Tia Mowry has a counter-intuitive tip for managing anxiety

In "Pep Talk," Buster talks to celebrities about finding lightness in times of loss. This month, Tia Mowry talks busyness as a defense mechanism, fantasy TV and her new cookbook .

When Tia Mowry was in college, she and her twin sister Tamera studied abroad in Florence. One weekend, they took a ferry to Sardinia on Italy's west coast and found themselves on top of a hill overlooking the Mediterranean, eating cheese, olives and grilled fish in a "shoebox-sized restaurant." Morrie remembers thinking: "Are they catching it straight from the sea? Picking vegetables from a hidden garden?" It was a moment that has stayed with her ever since.

Morrie shares this memory in her new cookbook , The Quick Fix Kitchen , her second following 2017's A New You . It offers 65 recipes, some of which are Italian-inspired, such as creamy Alfredo-style pasta and stuffed pesto chicken. The cookbook's name reflects her weekly YouTube cooking channel , Tia Mowry's Quick Fix , which promises delicious meals that are easy to prepare. Morrie also devotes a section of the book to food shopping tips and pantry organization ideas.

"A lot of these recipes are inspired by how I operate in the kitchen as a working mom," she tells Bustle. "The recipes focus on practicality and reducing mess, so there are a lot of sheet pan dinners and one-pot meals. I want to encourage people to get into the kitchen, not feel overwhelmed, and create memories through food."

Last year’s award-winning actress— sister, sister , anyone? —cementing her status as a true Renaissance woman. She launched a line of vitamins and supplements called Anser, is preparing to launch a line of cookware called Spice, and is celebrating a multi-year licensing deal for her YouTube series. (Beginning this month, 80 episodes will air on CLEO TV.)

Below, Mowry talks to Bustle about slowing down, making gnocchi from scratch, and finding zen in a chaotic year.

It sounds like you've been busy during lockdown. Is this a coping mechanism for you?

A lot of people are overly productive during quarantine, almost like a defense mechanism. I'm definitely one of those people, but over time I've learned that, to a certain extent, not being productive is being productive. I've learned how to relax and prioritize self-care, whether that's meditating, taking a nap, or indulging in some red velvet cupcakes. Once I started focusing on this, I had a better handle on my daily life, which made me feel less anxious.

Was there any silver lining for the family during that time?

The biggest positive is spending quality time with my family. Before 2020, I had never spent that much time with them in a row. There has been so much self-care and therapy, as well as deeper communication with my husband and kids. I'm a very go-getter person, but if you want to keep doing what you love, it's important to take care of yourself. The pandemic has helped me find that dance and now I can confidently say I have it under control.

Did you pick up a new hobby last year?

I made gnocchi from scratch and it was much easier than I thought. I wanted to learn more about working with flour since it is so delicate so I decided to delve into gnocchi and it was delicious.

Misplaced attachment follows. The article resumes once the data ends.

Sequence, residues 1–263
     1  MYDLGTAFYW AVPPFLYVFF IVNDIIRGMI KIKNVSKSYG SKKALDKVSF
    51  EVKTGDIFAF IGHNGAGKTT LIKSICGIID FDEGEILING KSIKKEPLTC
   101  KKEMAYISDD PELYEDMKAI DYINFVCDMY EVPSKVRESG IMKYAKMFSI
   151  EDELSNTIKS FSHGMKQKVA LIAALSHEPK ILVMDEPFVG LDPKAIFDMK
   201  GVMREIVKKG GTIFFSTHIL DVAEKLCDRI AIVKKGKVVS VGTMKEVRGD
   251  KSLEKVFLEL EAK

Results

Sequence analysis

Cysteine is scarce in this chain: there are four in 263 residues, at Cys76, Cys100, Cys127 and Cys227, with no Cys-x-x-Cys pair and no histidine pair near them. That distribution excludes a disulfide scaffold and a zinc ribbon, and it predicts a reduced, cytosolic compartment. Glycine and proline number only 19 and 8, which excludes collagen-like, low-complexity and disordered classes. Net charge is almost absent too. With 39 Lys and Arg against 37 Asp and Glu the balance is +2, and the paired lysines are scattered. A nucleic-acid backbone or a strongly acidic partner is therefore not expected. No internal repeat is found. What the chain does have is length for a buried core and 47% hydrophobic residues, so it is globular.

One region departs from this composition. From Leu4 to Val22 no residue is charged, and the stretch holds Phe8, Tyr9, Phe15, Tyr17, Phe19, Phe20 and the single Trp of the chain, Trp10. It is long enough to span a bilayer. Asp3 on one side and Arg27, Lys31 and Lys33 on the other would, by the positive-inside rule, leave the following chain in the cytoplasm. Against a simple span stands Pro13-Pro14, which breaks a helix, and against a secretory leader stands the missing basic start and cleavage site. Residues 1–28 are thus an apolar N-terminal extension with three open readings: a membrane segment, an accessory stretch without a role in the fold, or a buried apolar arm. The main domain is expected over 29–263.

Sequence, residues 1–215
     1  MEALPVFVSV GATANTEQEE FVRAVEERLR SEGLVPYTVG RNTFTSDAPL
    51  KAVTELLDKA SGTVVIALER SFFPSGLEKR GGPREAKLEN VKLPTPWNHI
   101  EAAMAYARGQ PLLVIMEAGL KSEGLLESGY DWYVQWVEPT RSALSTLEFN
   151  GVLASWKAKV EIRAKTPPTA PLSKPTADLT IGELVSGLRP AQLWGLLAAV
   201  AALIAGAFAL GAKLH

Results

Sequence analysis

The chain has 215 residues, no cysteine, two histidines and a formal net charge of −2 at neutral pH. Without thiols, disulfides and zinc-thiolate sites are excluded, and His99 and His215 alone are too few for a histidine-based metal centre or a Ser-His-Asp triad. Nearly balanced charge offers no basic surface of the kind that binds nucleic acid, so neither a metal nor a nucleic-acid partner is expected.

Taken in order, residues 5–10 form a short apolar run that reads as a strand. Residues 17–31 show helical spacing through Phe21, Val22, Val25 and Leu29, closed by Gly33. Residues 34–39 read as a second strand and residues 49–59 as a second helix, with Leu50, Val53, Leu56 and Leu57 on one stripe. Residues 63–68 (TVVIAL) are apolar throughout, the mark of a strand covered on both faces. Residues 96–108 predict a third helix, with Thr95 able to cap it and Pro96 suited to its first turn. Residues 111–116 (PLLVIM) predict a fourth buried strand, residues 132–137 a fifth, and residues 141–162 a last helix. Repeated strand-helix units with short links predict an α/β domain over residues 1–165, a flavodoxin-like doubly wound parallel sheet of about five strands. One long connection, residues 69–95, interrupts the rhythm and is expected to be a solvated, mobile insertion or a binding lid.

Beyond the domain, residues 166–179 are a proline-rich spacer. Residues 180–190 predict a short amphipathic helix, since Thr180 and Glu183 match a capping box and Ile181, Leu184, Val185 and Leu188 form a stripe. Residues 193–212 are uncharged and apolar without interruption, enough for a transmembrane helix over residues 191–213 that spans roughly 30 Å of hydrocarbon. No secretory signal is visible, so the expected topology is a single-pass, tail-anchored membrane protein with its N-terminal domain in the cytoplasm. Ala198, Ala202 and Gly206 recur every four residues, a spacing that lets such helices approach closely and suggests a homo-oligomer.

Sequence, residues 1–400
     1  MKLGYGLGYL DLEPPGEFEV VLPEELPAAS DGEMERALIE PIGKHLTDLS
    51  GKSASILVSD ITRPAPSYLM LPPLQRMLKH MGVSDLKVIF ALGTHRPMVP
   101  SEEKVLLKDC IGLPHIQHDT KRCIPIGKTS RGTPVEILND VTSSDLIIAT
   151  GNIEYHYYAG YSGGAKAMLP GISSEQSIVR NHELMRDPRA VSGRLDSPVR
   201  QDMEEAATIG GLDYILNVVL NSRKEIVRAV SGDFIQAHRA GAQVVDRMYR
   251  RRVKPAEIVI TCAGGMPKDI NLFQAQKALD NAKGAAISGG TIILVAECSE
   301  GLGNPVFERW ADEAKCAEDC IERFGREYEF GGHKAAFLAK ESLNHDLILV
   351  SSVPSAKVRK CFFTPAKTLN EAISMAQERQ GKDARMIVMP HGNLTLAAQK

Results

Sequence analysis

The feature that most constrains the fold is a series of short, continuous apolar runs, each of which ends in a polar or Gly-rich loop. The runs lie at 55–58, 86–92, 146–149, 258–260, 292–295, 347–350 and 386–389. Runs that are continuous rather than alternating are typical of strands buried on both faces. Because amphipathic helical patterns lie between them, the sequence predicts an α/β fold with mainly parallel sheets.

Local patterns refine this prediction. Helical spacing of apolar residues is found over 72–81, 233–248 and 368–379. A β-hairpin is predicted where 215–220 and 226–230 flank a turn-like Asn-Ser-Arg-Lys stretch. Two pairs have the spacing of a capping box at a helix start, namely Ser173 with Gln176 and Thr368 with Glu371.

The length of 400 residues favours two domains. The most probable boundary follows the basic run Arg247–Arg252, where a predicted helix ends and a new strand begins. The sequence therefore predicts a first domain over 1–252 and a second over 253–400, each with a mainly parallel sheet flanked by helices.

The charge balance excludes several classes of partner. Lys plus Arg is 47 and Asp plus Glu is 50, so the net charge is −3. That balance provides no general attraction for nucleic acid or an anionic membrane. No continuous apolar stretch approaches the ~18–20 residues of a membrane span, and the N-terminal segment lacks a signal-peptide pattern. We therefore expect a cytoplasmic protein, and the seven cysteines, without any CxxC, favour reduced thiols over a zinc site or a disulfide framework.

Have you ever gotten bored in the kitchen when you're constantly testing recipes for your recipes?

It doesn’t feel like work! Although due to food shortages it was impossible to find yeast and flour. I have always viewed food, cooking and being in the kitchen as a unity. That's how I grew up. In fact, my husband [Corey Hardrick] and I were just talking about Thanksgiving and he said, "You've been making Thanksgiving dinner for the last five or six years. I had my aunt come down and cook for everyone." I said just Just be able to cook three or four dishes. He said, "Oh my gosh, you don't understand. You need a break." I had to tell him, "You don't understand! Cooking is my safe place."

You currently star as Coco on Netflix's House Party . Can you talk about your personal TV viewing habits?

I'm a huge fan of Stranger Things. I love the nostalgia it gives me, like I did as a kid growing up in the 80s. I recently devoured Shadows and Bones . The storyline is not only fun, magical, and interesting, but it also breaks stereotypes. The heroine appears to be Asian, but her lover is not. There's another character who's a samurai, and she's [South Asian].

What are your favorite snacks to eat while watching these shows?

Hippia! They're an organic snack made from chickpeas, so they're healthier than eating an entire bag of chips. They come in many different flavors, but my favorite is BBQ.

To put it another way, what are you most grateful for in the past year?

I'm just grateful for life. These days, I am grateful for giving and receiving love. I appreciate my family unit. I feel very lucky to have the life I have.

Last question: This past year has been really hard. What would you say to someone going through a hard time right now?

A friend of mine provided me with a different perspective on the pandemic, which was really helpful. "When you get hurt as a kid, whether it's a broken ankle or a scraped knee, you give yourself time. You're forgiving. You don't rush the healing process. You trust the process and you allow yourself to heal," she said.

Don't get too ahead of yourself. Focus on taking one step at a time and putting one foot in front of the other. Forgive yourself for how you feel. It's normal to feel overwhelmed. Know that this will eventually pass and everything will be okay.

This interview has been edited and condensed for clarity.